personal finance

European mortgage market set for lowest growth in a decade

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The European mortgage market is on course to grow at its slowest rate for a decade this year, as lower economic growth and higher borrowing costs weigh on demand for loans.

Falling house prices across the eurozone are also a factor in EY’s forecasts that the mortgage market will grow by only 1.5 per cent this year and 2.4 per cent in 2024, compared with 4.9 per cent last year. 

The consultancy said rising interest rates — which reached a historic eurozone high of 4 per cent in September — and persistently high inflation had suppressed demand for mortgages.

“The housing market is taking the biggest hit,” said Omar Ali, EY’s financial services managing partner for Europe, the Middle East, India and Africa. “For households across Europe, high living and borrowing costs mean fewer people are buying houses, which means mortgage lending is falling to the lowest level in a decade.” 

Eurozone bank lending has shrunk this year after the European Central Bank made 10 consecutive interest rate increases, from an all-time low of minus 0.5 per cent in July 2022, to try to tackle rampant inflation.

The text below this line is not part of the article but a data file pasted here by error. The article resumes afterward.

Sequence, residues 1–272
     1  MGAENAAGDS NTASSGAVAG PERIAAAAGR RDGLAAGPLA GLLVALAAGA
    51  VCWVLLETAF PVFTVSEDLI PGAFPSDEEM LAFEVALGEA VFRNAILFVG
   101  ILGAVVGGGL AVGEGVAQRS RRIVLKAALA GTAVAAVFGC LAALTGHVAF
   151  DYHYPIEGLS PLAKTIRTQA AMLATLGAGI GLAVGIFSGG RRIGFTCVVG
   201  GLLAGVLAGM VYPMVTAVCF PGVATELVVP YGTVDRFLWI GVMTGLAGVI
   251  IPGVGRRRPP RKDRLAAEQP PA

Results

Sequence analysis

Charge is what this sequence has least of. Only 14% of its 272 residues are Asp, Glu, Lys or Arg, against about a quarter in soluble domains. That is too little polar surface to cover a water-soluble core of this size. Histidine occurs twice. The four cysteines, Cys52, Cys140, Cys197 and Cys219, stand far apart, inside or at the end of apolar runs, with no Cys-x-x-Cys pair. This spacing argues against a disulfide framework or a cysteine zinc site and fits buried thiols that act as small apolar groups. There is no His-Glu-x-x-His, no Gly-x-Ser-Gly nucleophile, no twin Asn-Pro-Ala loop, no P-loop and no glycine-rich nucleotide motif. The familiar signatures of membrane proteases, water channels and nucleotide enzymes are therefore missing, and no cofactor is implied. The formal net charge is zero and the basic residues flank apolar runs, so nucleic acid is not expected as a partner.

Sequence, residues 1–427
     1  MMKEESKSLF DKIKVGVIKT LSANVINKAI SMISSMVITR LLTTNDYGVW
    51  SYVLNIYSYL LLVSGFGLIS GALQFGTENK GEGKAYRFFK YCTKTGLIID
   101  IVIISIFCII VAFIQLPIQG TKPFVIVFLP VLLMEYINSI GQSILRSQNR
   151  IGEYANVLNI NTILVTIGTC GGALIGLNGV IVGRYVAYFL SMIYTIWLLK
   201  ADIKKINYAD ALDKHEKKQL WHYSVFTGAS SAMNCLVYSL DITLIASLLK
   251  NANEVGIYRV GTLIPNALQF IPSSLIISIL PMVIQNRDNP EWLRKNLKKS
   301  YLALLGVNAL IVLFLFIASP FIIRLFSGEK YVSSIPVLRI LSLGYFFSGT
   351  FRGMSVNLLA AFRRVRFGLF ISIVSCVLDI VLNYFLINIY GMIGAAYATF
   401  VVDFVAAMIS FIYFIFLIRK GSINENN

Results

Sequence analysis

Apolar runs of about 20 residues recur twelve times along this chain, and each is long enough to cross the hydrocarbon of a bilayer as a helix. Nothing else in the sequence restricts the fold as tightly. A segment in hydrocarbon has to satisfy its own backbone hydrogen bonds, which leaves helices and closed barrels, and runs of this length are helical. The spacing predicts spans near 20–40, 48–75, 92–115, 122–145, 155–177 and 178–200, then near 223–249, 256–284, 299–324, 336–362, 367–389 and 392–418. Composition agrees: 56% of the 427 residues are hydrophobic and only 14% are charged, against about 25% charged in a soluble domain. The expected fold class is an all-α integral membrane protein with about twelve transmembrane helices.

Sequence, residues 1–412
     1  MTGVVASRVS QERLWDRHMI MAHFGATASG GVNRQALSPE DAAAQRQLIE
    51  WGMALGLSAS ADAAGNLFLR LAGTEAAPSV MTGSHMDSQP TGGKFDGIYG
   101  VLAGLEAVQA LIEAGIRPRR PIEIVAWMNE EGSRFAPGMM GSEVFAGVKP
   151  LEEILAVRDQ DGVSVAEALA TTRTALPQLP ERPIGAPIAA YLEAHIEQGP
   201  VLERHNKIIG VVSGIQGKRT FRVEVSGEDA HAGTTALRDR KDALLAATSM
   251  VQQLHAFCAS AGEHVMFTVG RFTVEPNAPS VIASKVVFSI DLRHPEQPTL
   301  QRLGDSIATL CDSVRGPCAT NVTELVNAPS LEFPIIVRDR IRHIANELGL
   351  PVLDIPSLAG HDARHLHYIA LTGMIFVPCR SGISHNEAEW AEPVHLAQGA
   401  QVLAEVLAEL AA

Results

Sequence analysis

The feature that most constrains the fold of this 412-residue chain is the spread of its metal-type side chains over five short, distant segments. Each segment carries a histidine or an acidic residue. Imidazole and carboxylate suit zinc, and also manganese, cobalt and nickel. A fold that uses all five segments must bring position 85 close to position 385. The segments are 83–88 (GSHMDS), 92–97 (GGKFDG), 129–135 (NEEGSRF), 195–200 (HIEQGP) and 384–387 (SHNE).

Since September, the ECB has held rates at 4 per cent and investors predict it is unlikely to start cutting them until the second half of next year.

The UK housing market has begun to recover after prices and sales fell over the summer, but the eurozone is further behind in the interest rate cycle. 

EY’s annual European Bank Lending Forecast report, which was published on Monday, pointed to hard-hit housing markets in the eurozone — notably Germany — as well as tightening lending criteria from some banks, which have caused demand and availability of mortgages to shrink.

“Over the course of this year, as interest rates and geopolitical tensions have risen, Europe’s economy — and the banks that underpin it — have been tested to new limits,” said Nigel Moden, EY’s banking and capital markets leader for EMEIA.

But he added that the capital buffers European banks had built up over the past 15 years meant they were much better prepared for a slowdown in the mortgage market than they were after the global financial crisis.

“While bank lending growth is set to slow in the short term, the picture further out is one of recovery. It might be slow, but, in the absence of further, major unforeseen challenges, we expect steady economic and lending volume improvement.”

EY estimates that Europe’s mortgage market will grow by 3.3 per cent in 2025 and 3.2 per cent in 2026.

More broadly, lending across European banks is expected to grow by just 2.1 per cent in 2023, down from a 14-year high of 5 per cent last year.


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